Nation & World

Kansas, Oklahoma lawmakers want rejected health funds to go toward deficit

WASHINGTON — Rep. Mike Pompeo had no problem with his state sending back a $31.5 million federal grant that would have helped put the new federal health care law in place.

But the Kansas Republican introduced legislation Wednesday that would ensure that the rejected dollars can be used by Washington only to reduce the nation's deficit.

"Simply giving the money back to the Obama administration to be spent elsewhere is not acceptable in light of our current debt situation," Pompeo said.

Pompeo sponsored the bill with Republican Rep. Jim Lankford of Oklahoma. The entire Kansas and Oklahoma House delegations also have signed on.

Kansas and Oklahoma were two of six states selected to serve as laboratories for how states could develop the technology behind the health insurance exchanges, where consumers will be able to shop for health insurance coverage, if they qualify.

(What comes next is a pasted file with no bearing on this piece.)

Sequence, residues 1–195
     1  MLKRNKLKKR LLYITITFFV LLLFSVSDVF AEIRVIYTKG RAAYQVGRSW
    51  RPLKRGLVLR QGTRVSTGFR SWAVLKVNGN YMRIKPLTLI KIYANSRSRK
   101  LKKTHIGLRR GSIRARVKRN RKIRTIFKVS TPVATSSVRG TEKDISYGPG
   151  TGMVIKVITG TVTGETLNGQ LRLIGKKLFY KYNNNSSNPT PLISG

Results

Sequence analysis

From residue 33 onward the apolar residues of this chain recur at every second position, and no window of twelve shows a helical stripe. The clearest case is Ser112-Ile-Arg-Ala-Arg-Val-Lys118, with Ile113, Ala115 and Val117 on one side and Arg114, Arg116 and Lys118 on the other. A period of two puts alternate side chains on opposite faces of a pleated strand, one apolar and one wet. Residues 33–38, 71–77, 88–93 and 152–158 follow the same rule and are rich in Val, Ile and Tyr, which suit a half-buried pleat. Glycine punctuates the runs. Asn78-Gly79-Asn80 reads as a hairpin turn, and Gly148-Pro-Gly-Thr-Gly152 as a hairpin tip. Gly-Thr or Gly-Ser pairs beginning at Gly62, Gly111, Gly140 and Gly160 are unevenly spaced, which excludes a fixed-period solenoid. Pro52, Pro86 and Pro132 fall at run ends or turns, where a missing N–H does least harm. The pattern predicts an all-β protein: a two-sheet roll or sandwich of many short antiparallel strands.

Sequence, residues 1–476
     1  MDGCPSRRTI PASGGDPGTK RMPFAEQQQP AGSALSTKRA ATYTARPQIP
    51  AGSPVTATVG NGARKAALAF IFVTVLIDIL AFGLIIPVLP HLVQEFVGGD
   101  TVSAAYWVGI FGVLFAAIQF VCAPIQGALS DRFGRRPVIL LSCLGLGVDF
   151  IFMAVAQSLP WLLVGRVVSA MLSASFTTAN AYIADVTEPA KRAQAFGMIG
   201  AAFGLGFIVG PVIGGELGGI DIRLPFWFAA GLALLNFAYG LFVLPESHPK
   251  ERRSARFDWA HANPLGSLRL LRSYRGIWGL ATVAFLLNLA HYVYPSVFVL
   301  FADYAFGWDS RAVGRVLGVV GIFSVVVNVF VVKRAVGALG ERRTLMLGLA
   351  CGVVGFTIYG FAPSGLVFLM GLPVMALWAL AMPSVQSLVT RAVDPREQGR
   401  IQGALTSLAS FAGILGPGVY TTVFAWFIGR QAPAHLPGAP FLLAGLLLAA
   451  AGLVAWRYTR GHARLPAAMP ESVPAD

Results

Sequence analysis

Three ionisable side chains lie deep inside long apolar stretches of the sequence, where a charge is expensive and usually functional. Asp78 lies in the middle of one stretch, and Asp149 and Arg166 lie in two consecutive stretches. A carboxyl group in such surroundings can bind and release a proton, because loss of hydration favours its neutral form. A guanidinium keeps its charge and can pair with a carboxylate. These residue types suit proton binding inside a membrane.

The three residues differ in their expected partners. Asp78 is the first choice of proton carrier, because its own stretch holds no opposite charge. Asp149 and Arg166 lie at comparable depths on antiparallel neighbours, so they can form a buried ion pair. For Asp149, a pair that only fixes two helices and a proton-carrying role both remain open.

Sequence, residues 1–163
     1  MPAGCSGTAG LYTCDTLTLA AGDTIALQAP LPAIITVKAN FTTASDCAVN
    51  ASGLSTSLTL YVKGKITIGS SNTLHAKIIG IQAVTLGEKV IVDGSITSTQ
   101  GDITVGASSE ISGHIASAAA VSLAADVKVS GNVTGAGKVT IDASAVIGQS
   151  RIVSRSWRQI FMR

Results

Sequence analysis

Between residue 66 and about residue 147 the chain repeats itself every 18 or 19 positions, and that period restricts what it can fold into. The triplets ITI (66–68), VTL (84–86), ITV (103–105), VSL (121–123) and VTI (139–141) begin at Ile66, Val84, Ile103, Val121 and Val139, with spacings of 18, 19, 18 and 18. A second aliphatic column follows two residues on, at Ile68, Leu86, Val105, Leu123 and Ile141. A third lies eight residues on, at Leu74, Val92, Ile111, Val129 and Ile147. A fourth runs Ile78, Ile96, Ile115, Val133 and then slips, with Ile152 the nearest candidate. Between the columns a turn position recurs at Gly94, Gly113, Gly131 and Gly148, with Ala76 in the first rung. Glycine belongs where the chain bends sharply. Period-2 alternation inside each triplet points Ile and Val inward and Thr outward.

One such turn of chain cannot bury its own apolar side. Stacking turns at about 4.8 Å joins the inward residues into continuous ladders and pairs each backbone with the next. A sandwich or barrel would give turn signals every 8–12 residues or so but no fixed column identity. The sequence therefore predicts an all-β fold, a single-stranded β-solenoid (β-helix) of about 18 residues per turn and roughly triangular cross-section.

To be eligible, consumers must either be unemployed, self-employed or working for a company that does not offer health coverage, among other possibilities.

Kansas Gov. Sam Brownback, who voted against the health care law as a Republican senator in 2010, said the money came with too many strings. He also said he was concerned whether the federal money would be there in the future. Oklahoma also received a grant but passed on it as well.

"Kansas and Oklahoma have sent a clear signal to this administration that they reject its strings-attached funding," said Pompeo, who was not in Congress when lawmakers voted on health care but opposes the measure. "Let's use these funds to pay down our deficit."


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